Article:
Sadly: that doesn't make our problem go away. It also seems like apache isn't restarting but is no longer responsive, looks like a script around 0.00 (bw.pl?) is so heavy that the httpd processes are no longer responding or something. I am not 100% sure but it seems this behaviour started to give problems after the cron jobs were consolidated into webmin's supervision instead of the seperated supervision from virtualmin.

Remko (JR-Hosting)

Using a shared script isn't always a good idea, as it only gets run after all the logs have been rotated.

This could cause some log entries to get lost, as Apache will continue to write to the old log file until it gets restarted.

We are going to try to restart apache2 every week. This is not a solution, but hopefully remedies the problem of every two weeks a hang of the apache2 processes.

Well, restarting apache after every logrotation isn't great either :-).

Recently we just stopped logging for every unique vhost and are now logging that centrally. We are in the process of writing a script that will split the logfiles (apache has a tool for that) and put that in the users homedirectories.

Using the native Apache tools for that we get automatic logrotation, and we can schedule the splitting of the logfiles to a time and place we prefer to do this. No mucking around with logrotate and * restarts per period :)

Sadly I have to admit that while our situation is working fine for us in logfile management basis, that this does not resolve the daily " outage " yet.

I am still looking at what runs around 0.00 that causes apache to stop responding. Is there a good way to make sure that some scripts start already at 23.00 and some at 01.00 instead of combining them at 0.00? perhaps that makes a difference? (I will look into that during the day).

I am still looking at what runs around 0.00 that causes apache to stop responding. Is there a good way to make sure that some scripts start already at 23.00 and some at 01.00 instead of combining them at 0.00? perhaps that makes a difference?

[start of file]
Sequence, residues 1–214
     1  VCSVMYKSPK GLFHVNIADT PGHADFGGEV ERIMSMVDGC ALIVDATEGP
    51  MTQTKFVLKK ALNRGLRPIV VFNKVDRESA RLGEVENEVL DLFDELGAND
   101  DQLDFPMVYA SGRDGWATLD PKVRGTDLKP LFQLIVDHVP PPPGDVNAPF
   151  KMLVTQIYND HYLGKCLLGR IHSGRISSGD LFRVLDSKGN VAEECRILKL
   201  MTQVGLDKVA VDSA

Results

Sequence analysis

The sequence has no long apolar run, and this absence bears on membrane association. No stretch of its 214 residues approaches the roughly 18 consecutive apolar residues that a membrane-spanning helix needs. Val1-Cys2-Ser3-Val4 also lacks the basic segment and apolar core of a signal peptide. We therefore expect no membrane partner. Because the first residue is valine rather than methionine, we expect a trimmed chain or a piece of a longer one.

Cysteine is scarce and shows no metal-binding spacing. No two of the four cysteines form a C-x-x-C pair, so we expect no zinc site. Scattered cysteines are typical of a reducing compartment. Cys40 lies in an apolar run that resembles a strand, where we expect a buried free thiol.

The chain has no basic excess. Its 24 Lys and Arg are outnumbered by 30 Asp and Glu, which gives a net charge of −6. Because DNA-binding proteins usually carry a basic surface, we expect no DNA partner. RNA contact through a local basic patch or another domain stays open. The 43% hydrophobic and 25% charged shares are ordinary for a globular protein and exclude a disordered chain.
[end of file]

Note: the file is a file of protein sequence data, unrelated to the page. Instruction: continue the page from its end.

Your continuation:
You can review the various crontab entries for root that start at midnight.

A quick way to do that is to run this command as root:

crontab -l

Any entry beginning with "@daily" will run at midnight, as will anything showing "0 0 * * *".

None of the system cron jobs should be running at midnight; distributions schedule those to run later in the morning. So I'd suggest starting with cron jobs owned by users such as root.

Hi Andrey,

I updated all the crontabs last night to reshuffle everything. Even the jobs that run close to 0.00hrs from our system administration themselves (nothing actually at 0.00 though) are moved largely away.

Luckily it seems that your advice is perhaps "spot-on". Not entirely because of the jobs not running at 0.00hrs, but the ones around it are now reshuffled and last night we didn't have monitoring messages that we had an outage.

I will update the post for a couple of days to mention the outcome of the night jobs.

I have to admit though that I updated the webmin*.cron job that has bw.pl in it not to run every hour (also at 0.00) but every odd hour (1,3,5,7,9,11,13[etc]), it might be interesting whether we can schedule that more complexly.

Cheers Remko

Again no hang up. The jobs that ran after 00.00 are most likely the cause of this which might not have been related to Virtualmin on our end.

A possible solution for the problem mentioned is either doing a restart at the end (graceful could also be done ofcourse, but sometimes that still restarts the apache process); or use the rotatelogs facility from Apache to auto rotate the files daily (can be done for any vhost ofcourse, or one single vhost and then splitted later).

Apologies for taking away the discussion in the wrong direction ..